Australian Dollar price this week

The table below shows the percentage change of Australian Dollar (AUD) against listed major currencies this week. Australian Dollar was the strongest against the Japanese Yen.

USD   -0.28% -0.10% -0.01% -0.24% 0.27% 0.24% -0.12%
EUR 0.27%   0.16% 0.25% 0.02% 0.55% 0.50% 0.13%
GBP 0.11% -0.14%   0.10% -0.12% 0.40% 0.34% -0.01%
CAD 0.01% -0.27% -0.09%   -0.19% 0.30% 0.25% -0.11%
AUD 0.27% -0.02% 0.12% 0.22%   0.52% 0.49% 0.10%
JPY -0.29% -0.56% -0.41% -0.27% -0.52%   -0.04% -0.43%
NZD -0.26% -0.54% -0.36% -0.24% -0.49% 0.00%   -0.35%
CHF 0.12% -0.12% 0.01% 0.13% -0.11% 0.44% 0.35%  

The heat map shows percentage changes of major currencies against each other. The base currency is picked from the left column, while the quote currency is picked from the top row. For example, if you pick the Euro from the left column and move along the horizontal line to the Japanese Yen, the percentage change displayed in the box will represent EUR (base)/JPY (quote).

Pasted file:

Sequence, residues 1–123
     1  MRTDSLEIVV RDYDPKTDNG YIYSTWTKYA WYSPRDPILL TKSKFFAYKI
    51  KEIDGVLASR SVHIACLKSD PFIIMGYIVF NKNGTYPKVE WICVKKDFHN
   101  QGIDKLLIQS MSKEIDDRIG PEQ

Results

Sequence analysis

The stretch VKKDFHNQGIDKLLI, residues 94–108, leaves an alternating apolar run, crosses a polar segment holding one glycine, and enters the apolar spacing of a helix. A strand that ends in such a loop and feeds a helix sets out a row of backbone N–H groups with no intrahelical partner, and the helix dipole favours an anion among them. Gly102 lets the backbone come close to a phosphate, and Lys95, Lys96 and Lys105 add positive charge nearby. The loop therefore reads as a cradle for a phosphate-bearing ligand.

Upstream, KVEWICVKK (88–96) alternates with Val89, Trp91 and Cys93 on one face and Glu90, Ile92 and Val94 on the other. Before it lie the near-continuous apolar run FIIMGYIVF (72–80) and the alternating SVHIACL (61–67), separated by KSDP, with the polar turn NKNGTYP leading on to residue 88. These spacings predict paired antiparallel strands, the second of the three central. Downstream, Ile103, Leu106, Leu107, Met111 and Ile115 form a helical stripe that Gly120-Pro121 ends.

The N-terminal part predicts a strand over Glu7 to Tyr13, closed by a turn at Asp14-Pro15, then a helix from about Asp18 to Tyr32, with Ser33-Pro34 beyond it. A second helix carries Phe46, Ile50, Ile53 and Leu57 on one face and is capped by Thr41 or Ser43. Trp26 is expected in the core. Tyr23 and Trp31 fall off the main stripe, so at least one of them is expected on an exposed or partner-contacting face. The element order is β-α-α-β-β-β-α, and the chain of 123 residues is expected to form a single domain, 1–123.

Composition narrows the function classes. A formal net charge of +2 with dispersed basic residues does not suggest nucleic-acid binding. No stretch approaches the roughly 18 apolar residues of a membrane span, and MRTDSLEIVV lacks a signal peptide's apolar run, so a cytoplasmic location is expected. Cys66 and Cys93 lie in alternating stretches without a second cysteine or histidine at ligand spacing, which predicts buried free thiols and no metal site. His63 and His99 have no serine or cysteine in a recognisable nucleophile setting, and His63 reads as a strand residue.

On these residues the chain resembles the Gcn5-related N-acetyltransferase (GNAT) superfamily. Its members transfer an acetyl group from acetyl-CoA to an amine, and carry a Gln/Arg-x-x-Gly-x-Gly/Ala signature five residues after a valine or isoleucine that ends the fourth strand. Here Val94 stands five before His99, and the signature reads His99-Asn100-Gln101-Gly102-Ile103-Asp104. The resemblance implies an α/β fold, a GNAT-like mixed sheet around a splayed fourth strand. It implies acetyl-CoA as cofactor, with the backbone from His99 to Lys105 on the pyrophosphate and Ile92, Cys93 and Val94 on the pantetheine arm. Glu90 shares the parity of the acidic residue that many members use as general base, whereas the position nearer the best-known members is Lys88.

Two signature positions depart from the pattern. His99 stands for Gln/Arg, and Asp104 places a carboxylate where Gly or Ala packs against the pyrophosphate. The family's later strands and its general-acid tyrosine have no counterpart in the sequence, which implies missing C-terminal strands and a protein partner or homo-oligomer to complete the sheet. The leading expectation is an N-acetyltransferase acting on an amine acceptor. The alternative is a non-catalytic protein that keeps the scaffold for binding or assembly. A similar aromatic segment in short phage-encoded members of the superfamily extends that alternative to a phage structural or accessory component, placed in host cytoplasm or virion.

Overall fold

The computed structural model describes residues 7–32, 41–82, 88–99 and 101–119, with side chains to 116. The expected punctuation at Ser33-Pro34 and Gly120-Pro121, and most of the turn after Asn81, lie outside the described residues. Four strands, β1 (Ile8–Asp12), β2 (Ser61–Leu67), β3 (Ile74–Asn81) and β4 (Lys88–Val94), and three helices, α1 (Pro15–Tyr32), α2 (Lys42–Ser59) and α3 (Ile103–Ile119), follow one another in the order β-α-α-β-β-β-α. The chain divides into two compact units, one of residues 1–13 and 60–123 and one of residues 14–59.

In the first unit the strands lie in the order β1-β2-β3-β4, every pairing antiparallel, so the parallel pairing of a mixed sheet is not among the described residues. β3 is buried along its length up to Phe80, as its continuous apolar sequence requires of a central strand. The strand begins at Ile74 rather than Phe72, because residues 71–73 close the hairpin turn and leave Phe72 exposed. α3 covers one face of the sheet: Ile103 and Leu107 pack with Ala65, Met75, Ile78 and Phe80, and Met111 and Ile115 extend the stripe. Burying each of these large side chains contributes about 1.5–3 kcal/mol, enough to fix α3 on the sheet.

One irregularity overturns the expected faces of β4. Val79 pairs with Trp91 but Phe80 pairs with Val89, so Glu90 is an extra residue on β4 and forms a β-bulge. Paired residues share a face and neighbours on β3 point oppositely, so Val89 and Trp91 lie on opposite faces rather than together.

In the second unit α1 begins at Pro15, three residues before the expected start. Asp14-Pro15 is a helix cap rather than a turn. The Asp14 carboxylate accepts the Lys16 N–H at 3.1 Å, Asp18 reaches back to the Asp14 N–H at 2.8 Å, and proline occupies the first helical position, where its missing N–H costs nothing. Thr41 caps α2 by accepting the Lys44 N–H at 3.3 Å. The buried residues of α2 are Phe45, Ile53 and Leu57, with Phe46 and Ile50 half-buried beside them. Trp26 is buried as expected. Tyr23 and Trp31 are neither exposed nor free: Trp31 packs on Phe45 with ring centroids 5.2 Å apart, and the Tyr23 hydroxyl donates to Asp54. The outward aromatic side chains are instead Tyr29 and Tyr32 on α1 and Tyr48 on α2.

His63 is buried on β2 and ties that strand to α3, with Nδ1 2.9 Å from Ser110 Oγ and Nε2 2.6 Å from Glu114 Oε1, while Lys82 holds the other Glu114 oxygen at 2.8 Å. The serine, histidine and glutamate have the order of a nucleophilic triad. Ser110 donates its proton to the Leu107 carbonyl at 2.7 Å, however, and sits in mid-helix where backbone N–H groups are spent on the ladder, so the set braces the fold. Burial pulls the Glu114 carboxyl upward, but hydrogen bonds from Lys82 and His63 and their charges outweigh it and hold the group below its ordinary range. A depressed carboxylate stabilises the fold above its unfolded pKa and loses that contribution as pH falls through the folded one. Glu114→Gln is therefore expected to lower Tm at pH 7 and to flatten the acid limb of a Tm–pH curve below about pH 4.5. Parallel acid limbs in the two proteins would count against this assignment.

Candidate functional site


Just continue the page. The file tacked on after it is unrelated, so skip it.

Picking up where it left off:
The Reserve Bank of Australia (RBA) sets interest rates and manages monetary policy for Australia. Decisions are made by a board of governors at 11 meetings a year and ad hoc emergency meetings as required. The RBA’s primary mandate is to maintain price stability, which means an inflation rate of 2-3%, but also “ contribute to the stability of the currency, full employment, and the economic prosperity and welfare of the Australian people.” Its main tool for achieving this is by raising or lowering interest rates. Relatively high interest rates will strengthen the Australian Dollar (AUD) and vice versa. Other RBA tools include quantitative easing and tightening.